Our newest investor in Target’s early-stage team is truly passionate about making healthcare work better for everyone. Georgie joins us following more than a decade as an operator across health-tech and deep-tech start-ups and consumer brand building. We sat down with her to learn why she’s excited to be Target’s newest hire and to share a few of her favourite things. We can’t wait for you all to meet her!
1) What made you make the switch to VC?
Last year, an investor I greatly respect asked me why I wasn’t a VC. He pointed out that I was speaking with early-stage founders late at night on their fundraising or launch plans and advising two funds on their deal flow during my weekends. When I took holidays, I was still attending start-up conferences in whatever city I was in. Turns out — it is a job I would genuinely do for free. When I was working on a project with Thriva I met the investors at Target Global. I was immediately struck by the conversations we were having about the future of healthtech and beyond. They are highly experienced, rigorous and importantly, they are about people. I invited myself along to their investor day and over drinks with the founders of Rapyd, Flo and Patient21 I heard how much they rated them too. I loved my job as an operator and wasn’t ready to make the leap to VC quite yet, but kept leaving every meeting thinking ‘I really want to work and learn from this team’! And I have to say — I am so excited about my decision to do so!
I lead digital health for our early-stage team. As most know, healthcare is complicated, clunky, and vast, but technology is creating endless possibilities from extending health-span to creating entirely new care modes. The unlimited potential this presents, and the exceptional founders we work with energises me daily.
2) What has being a founder taught you and prepared you for as you sit on the other side of the table?
The number one thing it’s taught me is the importance of having a longer-term horizon and how a good investor can help.
In my experience both as a founder and angel investor, I have noticed that no matter how close a VC gets to a business, they will rarely be able to understand it in all its nuances. But a good investor can add value in areas that are not always as clear to a founder when they are in “build mode”.
For example: in preparing for the right type of metrics for market expectations, in sensible fundraising for long term success vs irresponsible ‘hype’ funding, and in support of hiring for the right stages of growth. As an ex-founder, I always try to put myself in their shoes, guiding in a way that’s best for them and their business — whilst getting out of the way when needed.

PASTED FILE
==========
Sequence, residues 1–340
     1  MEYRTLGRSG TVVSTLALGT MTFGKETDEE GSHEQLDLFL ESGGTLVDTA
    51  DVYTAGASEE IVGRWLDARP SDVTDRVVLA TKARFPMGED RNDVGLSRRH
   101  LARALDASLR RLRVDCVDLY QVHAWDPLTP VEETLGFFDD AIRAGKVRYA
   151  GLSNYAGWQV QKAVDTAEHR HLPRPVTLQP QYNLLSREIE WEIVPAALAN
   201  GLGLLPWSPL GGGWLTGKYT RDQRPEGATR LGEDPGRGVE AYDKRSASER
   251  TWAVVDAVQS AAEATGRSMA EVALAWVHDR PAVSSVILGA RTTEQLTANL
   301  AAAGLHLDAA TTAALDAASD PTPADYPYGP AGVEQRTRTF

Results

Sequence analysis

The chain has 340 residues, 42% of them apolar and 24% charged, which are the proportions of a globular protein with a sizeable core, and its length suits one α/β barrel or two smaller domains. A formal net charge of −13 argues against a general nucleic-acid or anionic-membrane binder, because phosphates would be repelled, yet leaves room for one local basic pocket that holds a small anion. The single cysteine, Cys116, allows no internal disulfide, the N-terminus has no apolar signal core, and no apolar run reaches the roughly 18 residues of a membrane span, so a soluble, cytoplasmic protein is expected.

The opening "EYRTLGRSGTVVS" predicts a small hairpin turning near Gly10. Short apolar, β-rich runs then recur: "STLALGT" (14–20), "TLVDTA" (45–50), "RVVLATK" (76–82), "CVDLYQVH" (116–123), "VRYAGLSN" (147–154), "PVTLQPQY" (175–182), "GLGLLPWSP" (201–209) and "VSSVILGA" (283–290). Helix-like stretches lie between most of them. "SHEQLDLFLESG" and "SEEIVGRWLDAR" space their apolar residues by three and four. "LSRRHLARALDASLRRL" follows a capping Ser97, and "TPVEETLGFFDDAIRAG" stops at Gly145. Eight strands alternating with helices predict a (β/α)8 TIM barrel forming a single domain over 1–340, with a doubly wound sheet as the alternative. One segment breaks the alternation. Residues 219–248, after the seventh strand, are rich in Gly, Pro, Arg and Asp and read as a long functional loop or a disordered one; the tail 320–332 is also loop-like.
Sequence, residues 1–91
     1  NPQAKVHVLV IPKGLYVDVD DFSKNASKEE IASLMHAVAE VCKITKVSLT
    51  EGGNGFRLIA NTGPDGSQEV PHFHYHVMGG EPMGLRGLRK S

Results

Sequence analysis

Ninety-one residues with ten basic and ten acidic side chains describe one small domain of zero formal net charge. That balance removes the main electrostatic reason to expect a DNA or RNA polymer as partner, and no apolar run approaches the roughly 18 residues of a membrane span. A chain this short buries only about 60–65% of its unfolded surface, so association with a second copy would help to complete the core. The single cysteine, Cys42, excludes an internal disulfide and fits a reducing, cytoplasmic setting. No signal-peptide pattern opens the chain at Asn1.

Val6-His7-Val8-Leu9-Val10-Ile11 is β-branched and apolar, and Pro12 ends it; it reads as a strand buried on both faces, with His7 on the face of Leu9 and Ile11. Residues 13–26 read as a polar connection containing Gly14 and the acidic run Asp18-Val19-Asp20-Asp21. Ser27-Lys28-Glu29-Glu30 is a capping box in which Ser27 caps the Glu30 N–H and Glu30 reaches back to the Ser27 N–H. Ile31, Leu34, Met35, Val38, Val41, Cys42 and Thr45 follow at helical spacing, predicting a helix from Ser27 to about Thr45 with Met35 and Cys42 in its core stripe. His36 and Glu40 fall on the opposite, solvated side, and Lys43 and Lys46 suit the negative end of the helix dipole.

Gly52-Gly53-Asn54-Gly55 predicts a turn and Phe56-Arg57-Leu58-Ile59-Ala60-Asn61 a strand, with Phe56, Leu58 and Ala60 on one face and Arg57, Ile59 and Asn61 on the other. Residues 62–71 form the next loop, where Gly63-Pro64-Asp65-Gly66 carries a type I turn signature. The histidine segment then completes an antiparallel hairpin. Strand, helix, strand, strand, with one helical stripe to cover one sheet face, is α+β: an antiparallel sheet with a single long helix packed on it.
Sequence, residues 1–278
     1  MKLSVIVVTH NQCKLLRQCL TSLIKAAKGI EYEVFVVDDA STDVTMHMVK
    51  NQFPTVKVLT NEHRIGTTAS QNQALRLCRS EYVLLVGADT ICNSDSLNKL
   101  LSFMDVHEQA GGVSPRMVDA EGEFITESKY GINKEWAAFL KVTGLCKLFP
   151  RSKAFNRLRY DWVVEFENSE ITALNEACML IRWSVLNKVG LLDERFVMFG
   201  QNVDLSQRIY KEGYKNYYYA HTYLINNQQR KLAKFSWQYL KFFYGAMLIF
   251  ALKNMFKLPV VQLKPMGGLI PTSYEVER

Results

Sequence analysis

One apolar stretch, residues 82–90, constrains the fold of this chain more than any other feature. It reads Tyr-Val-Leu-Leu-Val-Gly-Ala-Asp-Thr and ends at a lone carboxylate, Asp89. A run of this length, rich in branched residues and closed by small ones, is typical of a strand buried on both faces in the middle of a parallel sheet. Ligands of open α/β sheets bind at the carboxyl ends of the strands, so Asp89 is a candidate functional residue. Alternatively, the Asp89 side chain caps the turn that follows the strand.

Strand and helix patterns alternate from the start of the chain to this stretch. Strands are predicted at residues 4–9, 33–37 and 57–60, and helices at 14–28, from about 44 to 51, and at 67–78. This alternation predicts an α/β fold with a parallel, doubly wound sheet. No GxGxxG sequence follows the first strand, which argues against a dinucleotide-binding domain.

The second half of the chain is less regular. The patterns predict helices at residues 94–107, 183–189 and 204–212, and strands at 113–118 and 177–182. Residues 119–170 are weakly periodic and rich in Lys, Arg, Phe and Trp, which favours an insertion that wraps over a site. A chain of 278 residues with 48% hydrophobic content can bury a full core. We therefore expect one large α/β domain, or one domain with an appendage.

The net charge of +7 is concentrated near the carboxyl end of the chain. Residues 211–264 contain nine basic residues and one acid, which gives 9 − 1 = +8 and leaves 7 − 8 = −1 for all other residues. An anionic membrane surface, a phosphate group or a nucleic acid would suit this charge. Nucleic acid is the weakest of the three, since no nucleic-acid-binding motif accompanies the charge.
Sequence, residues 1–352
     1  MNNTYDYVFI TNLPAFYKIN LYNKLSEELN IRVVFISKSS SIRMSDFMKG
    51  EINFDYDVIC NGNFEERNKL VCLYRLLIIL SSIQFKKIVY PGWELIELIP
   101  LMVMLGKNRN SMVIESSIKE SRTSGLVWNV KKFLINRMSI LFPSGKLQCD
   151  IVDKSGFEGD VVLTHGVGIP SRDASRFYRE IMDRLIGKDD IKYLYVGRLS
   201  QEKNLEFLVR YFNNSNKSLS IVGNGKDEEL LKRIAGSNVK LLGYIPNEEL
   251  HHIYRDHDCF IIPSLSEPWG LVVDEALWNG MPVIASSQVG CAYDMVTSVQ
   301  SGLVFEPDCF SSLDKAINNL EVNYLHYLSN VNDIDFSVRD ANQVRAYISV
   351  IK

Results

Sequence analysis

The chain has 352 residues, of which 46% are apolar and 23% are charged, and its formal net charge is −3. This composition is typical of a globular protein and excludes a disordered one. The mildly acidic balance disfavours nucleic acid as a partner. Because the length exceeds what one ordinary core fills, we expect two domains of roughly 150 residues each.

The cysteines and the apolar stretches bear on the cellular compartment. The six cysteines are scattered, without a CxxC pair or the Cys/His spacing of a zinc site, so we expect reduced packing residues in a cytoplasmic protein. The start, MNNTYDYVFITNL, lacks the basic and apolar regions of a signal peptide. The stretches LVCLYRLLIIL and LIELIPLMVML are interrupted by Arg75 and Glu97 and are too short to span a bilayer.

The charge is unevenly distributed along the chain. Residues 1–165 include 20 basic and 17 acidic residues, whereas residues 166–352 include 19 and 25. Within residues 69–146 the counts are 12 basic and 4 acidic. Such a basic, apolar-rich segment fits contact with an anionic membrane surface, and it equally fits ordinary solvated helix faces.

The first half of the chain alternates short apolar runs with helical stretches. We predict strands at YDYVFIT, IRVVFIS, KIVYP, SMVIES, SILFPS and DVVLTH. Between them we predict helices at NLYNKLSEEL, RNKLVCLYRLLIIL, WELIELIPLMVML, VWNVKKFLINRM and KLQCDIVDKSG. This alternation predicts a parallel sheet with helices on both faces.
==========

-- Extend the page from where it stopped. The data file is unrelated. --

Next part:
3) What themes are you most interested in healthtech?
Whilst this is a broad category, I am interested in companies that mix excellent product with storytelling, community building and behavioural science. Success in healthcare has predominantly been in B2B, but the landscape is changing. To be successful, companies need to educate, inspire and keep users engaged. This will require some great brand building, consumer-centric mindsets, and clever behavioural design — something we haven’t seen enough of yet.
Healthcare is complex and highly regulated. Just like the financial sector, it must undergo a transformation in its architecture to pave the way for all the innovation to come given how much legacy infrastructure can impede fast growth.
For example, currently it can take months and thousands of pounds to get an app approved through the UK’s archaic medical device registration system (which most healthtech businesses must go through). Scarlet is an example of an interesting company whose founders ran into this issue while working at Babylon. They are now building a company to alleviate this pain point with the help of automation, reducing the process from months to days.
IVF rates are rapidly increasing and 1 in 7 couples struggle to conceive. To date, failure rates have been high with mixed quality of service across the board. Many women are in the dark about costs, and delay thinking about it until it’s too late. I’m interested in companies that not only improve the service but build awareness around the topic and fundamentally redefine how we think about it.
4) What’s the best piece of advice anyone’s ever given you?
My late father always said that the most precious thing you have in this world are the relationships you build; everything else follows. I believe that honouring relationships/showing up in the good and the bad times is the secret to anything fruitful. He was exceptional at it, and this approach to life is something I always try to emulate.
Book: Anna Karenina
Restaurant: Not quite a restaurant, but my brother in law’s supper club ‘Vicarage & Sons’ in London. You’ll often find a mesh of tech founders and opera singers thanks to the chefs’ background. Highly recommended!
Food: I love to cook, but for all the effort, not much actually beats my Spaghetti Bolognese
Place: Chamonix. I am equally happy camping on the TMB circuit or sliding down some of the hairy off-pistes
Unicorn: DocPlanner — which is the world’s biggest health platform and a phenomenal company we’ve been fortunate to partner with. They are always thinking of the bigger picture but are exceptional operators with deep understanding of their customers wants and needs. It is not uncommon for the CEO to travel to rural Poland with the sales team to sell to independent doctors.
Quote: “Well behaved women seldom make history.” — Laurel Thatcher Ulrich
Band: Nile Rodgers & Chic live, preferably at Glastonbury
Sport: Anything in the mountains